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American Chinese dishes

In the nineteenth century, Chinese restaurateurs developed American Chinese cuisine when they modified their food for Caucasian American tastes[citation needed]. First catering to railroad workers, restaurants were established in towns where Chinese food was completely unknown. These restaurant workers adapted to using local ingredients and catered to their customers’ tastes. Dishes on the menu were often given numbers, and often a roll and butter was offered on the side.

In the process, chefs invented dishes such as chop suey and General Tso’s Chicken. As a result, they developed a style of Chinese food not found in China. Restaurants (along with Chinese laundries) provided an ethnic niche for small businesses at a time when Chinese were excluded from most jobs in the wage economy by racial discrimination or lack of language fluency.

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Dishes that often appear on American Chinese menus include:

* General Tso’s Chicken— chunks of chicken that are deep-fried, with broccoli and seasoned with ginger, garlic, sesame oil, scallions, and hot chili peppers.
* Sesame Chicken— boned, battered, and deep-fried chicken which is then dressed with a translucent but dark red, sweet, slightly sour, mildly spicy, semi-thick, Chinese soy sauce made from corn starch, vinegar, chicken broth, and sugar, and often served with steamed broccoli.
* Chinese chicken salad — Salad, in the form of uncooked leafy greens, does not exist in traditional Chinese cuisine for sanitary reasons, since manure and human feces were China’s primary fertilizer through most of its history.[citation needed] It usually contains crispy noodle (fried wonton skin) and sesame dressing. Some restaurants serve the salad with mandarin oranges.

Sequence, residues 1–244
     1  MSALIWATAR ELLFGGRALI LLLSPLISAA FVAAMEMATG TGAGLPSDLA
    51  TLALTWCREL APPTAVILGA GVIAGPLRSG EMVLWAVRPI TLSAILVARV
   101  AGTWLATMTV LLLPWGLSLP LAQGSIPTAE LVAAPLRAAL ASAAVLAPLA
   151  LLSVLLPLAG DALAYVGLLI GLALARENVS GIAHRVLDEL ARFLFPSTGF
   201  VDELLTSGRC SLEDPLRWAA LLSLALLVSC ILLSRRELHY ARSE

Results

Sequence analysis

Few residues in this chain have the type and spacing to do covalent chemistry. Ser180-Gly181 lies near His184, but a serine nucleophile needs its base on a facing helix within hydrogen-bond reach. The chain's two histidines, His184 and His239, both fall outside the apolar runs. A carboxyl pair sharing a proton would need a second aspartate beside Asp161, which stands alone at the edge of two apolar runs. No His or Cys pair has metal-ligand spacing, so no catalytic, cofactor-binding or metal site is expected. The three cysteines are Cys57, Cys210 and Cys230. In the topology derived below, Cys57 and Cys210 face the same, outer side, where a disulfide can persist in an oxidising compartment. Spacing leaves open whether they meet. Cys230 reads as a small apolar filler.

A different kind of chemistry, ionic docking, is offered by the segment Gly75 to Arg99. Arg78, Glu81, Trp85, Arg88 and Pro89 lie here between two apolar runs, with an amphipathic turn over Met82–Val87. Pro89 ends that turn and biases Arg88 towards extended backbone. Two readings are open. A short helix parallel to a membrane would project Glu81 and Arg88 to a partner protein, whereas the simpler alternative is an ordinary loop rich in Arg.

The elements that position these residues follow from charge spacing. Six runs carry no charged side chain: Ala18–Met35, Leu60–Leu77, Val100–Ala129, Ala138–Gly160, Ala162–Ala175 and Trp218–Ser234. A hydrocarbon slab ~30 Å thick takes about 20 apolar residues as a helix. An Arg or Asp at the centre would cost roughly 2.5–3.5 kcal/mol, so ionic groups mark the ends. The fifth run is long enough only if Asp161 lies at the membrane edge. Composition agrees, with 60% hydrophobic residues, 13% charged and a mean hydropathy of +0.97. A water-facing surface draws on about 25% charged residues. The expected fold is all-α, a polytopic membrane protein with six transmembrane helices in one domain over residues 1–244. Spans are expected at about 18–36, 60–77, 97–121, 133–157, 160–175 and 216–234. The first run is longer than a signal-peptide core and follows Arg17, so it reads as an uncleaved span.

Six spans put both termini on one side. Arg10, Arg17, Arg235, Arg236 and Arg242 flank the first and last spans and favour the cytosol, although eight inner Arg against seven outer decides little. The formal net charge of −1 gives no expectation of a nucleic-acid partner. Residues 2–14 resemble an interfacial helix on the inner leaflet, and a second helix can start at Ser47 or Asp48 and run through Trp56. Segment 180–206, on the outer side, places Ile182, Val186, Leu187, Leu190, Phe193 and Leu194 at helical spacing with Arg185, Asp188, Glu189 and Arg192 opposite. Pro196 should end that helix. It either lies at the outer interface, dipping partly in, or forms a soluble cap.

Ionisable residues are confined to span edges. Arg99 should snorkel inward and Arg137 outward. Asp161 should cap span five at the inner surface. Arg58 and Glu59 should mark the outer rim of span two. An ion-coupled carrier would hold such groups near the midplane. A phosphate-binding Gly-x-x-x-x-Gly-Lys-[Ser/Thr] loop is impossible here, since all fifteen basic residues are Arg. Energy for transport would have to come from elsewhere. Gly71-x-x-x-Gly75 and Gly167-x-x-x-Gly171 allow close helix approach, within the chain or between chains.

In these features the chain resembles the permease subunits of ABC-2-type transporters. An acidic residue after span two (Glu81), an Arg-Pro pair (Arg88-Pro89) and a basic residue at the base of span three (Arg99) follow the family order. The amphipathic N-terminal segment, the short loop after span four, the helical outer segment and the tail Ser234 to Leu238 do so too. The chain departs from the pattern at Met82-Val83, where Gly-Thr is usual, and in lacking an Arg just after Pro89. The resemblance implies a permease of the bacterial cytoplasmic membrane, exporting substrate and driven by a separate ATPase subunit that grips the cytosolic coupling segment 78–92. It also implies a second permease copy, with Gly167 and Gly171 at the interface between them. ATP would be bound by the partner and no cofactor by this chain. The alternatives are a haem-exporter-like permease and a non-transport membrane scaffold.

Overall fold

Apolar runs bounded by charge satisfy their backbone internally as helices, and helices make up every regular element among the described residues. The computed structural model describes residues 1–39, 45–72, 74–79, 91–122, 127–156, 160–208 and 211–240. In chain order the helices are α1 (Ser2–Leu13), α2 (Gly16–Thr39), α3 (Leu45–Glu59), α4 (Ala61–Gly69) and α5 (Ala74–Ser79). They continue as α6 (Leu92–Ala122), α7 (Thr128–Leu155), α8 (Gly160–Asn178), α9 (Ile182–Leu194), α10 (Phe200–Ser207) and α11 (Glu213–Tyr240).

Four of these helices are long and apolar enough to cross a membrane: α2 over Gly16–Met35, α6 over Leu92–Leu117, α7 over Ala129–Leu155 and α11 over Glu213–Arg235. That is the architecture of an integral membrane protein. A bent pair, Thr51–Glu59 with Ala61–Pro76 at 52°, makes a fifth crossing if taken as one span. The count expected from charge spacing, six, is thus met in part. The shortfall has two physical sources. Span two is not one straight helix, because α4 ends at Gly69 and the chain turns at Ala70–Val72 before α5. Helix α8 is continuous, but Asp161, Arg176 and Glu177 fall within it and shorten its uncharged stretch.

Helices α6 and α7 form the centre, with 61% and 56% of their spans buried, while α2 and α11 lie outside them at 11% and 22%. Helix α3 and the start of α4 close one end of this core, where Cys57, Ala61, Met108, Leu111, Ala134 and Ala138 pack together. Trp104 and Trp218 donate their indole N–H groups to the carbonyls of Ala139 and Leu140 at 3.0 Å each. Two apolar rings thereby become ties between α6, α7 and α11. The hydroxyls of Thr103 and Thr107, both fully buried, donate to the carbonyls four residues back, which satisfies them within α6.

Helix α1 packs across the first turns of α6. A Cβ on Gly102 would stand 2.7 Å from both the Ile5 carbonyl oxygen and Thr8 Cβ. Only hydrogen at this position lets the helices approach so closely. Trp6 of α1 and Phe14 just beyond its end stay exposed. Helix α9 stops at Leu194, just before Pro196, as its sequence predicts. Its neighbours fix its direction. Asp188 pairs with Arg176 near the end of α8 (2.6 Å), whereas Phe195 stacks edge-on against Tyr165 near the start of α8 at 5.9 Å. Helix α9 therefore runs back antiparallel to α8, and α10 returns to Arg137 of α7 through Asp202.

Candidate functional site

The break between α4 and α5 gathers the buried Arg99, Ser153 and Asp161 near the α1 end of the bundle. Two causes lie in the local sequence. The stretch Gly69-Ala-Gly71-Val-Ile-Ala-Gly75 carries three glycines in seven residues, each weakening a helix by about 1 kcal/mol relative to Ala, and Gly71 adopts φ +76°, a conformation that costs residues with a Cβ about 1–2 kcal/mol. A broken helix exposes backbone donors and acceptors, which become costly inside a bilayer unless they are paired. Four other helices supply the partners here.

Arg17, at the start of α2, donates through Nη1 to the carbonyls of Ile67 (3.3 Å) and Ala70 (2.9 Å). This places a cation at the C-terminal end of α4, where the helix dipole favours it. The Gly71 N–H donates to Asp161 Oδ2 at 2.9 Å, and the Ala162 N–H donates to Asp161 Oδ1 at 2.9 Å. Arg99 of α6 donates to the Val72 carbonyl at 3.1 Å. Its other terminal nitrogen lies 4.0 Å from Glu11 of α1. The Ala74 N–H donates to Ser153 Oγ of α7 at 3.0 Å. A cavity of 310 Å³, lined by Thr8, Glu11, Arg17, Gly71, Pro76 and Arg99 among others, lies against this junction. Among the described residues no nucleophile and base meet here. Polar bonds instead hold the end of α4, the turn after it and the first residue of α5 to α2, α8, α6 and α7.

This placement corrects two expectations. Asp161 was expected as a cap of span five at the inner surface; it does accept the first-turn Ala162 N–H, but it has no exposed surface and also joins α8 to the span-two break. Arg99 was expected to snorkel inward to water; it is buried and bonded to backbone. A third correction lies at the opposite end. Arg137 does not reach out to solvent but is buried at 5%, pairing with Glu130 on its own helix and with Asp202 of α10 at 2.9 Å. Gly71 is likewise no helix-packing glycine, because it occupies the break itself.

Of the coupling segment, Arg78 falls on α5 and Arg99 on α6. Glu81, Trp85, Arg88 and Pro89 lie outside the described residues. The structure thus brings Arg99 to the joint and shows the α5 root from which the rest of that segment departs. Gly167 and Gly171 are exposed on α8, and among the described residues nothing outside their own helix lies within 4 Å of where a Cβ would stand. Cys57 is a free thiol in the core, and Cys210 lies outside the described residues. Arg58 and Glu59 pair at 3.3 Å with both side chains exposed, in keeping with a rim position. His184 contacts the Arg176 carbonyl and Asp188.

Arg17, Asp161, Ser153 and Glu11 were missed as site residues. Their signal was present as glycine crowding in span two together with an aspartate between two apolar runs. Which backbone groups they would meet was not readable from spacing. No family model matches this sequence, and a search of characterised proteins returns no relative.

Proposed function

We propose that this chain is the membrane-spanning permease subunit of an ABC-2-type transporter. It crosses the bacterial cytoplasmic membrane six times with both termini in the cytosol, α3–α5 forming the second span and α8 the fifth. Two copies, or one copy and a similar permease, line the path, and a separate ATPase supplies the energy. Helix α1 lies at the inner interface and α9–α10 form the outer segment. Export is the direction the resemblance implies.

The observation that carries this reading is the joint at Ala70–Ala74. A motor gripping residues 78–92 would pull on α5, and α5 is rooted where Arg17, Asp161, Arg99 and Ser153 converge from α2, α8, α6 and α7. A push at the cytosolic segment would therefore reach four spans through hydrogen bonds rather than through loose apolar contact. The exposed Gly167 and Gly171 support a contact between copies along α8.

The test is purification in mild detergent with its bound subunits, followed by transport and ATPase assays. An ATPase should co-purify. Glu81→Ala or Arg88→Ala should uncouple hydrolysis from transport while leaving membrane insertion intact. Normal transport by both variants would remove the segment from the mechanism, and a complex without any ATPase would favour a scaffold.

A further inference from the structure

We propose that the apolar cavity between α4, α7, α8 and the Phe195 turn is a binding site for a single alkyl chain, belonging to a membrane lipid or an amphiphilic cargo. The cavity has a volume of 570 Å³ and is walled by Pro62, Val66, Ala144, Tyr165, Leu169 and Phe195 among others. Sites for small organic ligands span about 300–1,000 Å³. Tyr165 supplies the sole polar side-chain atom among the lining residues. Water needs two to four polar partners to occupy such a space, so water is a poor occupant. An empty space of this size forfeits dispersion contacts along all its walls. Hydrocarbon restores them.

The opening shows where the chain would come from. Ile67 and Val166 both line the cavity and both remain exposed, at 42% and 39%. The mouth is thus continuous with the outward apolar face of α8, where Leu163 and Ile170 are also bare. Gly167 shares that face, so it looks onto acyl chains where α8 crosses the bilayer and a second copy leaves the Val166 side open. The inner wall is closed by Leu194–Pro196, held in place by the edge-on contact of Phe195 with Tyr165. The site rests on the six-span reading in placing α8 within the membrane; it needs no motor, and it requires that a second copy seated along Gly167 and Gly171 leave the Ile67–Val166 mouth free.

* Chop suey — connotes “leftovers” in Chinese. It is usually a mix of vegetables and meat in a brown sauce but can also be served in a white sauce.
* Chow mein — literally means ‘stir-fried noodles.’ Chow mein consists of fried noodles with bits of meat and vegetables. It can come with chicken, beef, pork or shrimp.
* Crab rangoon — Fried wonton skins stuffed with artificial crab meat (surimi) and cream cheese.
* Fortune cookie — Invented in San Francisco by East Asian immigrants, fortune cookies have become sweetened and found their way to many American Chinese restaurants. Fortune cookies have become so popular that even some authentic Chinese restaurants serve them at the end of the meal as dessert and may feature Chinese translations of the English fortunes.
* Fried rice — Pan-fried rice, usually with chunks of meat, vegetables, and often egg.

Regional American Chinese dishes:

* Chow mein sandwich— Sandwich of chow mein and gravy (Southeastern Massachusetts, Rhode Island).
* Chop suey sandwich — Sandwich of chicken chop suey on a hamburger bun (North Shore of Massachusetts — the only known remaining restaurants serving this specialty are “Genghis Salem” and “Salem Lowe.” Both are located at Salem Willows Park, Salem, Massachusetts. This sandwich is traditionally wrapped in a napkin cone and eaten with a fork).
* St. Paul sandwich — Egg foo young patty in plain white sandwich bread (St. Louis, Missouri).

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